Chad DeFrain of Springfield said he was a little surprised when he went to the Illinois State Fair and saw a vendor selling small marsupials called sugar gliders.
The 5- to 7-inch-long, furry animals with big black eyes enthralled his daughters, but DeFrain wondered if the state fair was the best place to buy a new pet. The vendor was offering a sugar glider, a cage and a starter kit for about $590.
“I’ve never seen them peddling animals there. It struck a funny chord. Maybe this is not the best idea for the fair,” DeFrain said.
Fair officials said they haven’t received any complaints about the vendor, which goes by the name Pocket Pets. A breeder in Chicago and a Springfield veterinarian, however, expressed concern that people might be overwhelmed by the animals’ cuteness and make an impulse buy they might later regret.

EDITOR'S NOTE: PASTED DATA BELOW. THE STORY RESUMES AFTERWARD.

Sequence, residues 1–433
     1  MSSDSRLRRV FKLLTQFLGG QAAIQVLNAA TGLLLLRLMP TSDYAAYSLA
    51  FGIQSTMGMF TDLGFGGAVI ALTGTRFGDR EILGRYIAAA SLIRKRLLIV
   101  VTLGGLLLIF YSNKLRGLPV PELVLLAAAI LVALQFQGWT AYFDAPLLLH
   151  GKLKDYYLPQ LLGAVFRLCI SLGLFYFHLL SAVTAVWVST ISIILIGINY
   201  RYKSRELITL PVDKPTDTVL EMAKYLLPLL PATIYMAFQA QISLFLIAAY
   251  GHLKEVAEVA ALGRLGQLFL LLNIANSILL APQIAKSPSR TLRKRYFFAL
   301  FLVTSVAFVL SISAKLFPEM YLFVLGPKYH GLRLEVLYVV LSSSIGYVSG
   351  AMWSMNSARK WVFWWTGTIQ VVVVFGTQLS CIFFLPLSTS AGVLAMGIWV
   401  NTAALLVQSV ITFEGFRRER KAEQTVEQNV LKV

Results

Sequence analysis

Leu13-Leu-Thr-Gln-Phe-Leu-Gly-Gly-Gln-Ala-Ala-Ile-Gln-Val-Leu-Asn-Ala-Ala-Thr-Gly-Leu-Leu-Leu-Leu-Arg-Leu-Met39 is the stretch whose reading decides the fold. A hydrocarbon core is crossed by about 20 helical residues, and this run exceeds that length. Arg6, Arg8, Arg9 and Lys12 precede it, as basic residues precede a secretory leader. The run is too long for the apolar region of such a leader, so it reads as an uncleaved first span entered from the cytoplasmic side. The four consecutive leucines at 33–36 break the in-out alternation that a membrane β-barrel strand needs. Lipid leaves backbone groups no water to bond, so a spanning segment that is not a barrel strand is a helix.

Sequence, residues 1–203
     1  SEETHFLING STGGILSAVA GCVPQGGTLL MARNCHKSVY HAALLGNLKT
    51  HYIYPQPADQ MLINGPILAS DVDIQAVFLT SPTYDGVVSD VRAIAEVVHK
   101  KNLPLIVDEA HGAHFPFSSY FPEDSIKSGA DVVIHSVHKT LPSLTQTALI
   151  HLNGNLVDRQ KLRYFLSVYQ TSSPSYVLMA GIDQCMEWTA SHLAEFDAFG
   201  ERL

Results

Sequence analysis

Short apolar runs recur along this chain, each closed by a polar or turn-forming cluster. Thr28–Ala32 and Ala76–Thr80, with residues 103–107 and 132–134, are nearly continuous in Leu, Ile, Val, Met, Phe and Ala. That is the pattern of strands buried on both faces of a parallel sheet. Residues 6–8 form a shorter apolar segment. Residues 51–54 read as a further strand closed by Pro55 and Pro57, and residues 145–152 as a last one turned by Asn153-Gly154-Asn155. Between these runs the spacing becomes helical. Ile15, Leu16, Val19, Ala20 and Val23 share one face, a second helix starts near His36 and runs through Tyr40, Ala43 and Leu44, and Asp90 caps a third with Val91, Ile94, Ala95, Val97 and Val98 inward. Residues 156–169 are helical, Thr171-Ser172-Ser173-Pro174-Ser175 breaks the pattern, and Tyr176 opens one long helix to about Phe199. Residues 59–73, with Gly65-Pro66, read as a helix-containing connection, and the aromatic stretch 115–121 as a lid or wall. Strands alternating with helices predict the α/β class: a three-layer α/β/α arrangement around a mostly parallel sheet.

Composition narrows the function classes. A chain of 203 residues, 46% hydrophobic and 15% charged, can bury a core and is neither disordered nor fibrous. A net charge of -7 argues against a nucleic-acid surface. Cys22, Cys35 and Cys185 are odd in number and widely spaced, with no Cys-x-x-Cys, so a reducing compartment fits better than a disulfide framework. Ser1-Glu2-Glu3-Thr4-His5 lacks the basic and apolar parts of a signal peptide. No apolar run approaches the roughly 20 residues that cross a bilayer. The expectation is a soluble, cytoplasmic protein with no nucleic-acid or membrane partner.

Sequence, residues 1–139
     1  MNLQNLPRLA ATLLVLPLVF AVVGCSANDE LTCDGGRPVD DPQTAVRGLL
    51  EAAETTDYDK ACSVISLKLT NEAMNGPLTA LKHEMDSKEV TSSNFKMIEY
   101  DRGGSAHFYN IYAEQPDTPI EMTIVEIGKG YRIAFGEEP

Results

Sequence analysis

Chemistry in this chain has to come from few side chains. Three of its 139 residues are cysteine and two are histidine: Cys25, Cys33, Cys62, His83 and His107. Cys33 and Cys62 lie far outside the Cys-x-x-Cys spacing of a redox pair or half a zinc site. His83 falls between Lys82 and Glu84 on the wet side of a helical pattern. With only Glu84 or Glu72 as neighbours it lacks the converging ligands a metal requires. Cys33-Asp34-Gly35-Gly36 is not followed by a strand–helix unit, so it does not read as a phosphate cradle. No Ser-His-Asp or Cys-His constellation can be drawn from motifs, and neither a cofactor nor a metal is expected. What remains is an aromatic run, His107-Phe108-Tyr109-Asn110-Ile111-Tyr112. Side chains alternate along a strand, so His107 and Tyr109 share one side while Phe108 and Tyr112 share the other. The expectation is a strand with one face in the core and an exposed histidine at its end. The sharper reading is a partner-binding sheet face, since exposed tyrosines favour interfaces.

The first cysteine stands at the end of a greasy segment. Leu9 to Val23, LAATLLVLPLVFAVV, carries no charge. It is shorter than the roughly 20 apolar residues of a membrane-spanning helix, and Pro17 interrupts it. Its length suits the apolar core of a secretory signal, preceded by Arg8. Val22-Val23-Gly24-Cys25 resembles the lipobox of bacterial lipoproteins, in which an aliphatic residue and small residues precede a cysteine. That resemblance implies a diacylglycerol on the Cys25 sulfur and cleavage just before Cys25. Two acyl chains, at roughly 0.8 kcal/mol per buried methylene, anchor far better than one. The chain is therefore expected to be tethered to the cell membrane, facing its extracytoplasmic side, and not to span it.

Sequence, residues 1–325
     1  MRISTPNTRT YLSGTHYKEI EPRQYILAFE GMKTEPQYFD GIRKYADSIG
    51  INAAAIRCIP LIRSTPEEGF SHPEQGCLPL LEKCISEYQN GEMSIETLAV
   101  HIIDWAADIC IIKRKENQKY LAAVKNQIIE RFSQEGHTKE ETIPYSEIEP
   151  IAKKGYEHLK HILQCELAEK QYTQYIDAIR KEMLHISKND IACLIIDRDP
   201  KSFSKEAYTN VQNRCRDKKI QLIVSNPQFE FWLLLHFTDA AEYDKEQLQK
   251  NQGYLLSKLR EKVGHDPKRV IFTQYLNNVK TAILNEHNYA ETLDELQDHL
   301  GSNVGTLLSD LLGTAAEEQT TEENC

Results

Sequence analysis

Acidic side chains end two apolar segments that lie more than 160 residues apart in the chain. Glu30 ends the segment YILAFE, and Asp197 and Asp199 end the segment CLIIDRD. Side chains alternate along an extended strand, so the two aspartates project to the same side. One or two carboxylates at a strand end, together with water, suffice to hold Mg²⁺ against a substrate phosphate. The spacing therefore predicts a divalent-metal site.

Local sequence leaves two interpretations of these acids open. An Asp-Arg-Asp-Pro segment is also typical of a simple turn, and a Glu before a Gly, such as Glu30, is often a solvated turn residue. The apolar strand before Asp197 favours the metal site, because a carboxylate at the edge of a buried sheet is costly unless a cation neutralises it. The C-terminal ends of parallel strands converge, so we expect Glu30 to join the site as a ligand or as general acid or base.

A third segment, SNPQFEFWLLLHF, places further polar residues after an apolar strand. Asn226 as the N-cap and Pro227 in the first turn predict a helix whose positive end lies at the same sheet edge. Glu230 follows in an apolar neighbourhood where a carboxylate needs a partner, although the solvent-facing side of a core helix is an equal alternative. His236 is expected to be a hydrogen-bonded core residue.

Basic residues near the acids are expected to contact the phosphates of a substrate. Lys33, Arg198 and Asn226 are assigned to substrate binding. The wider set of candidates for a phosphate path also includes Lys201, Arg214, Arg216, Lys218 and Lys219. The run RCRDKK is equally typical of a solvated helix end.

Sugar gliders are arboreal and are native to Australia and Indonesia. They are a marsupial, which means they have a pouch like a possum or kangaroo. They are not rodents.
According to the Pocket Pets website, they’re called sugar gliders because they like to eat almost anything that is sweet, especially fresh fruit and vegetables, and they have a gliding membrane (similar to a flying squirrel) that stretches from their wrist to their ankles, allowing them to glide – not fly – from tree to tree
In the wild, they primarily live in trees in “colonies” of 10 to 15 other sugar gliders.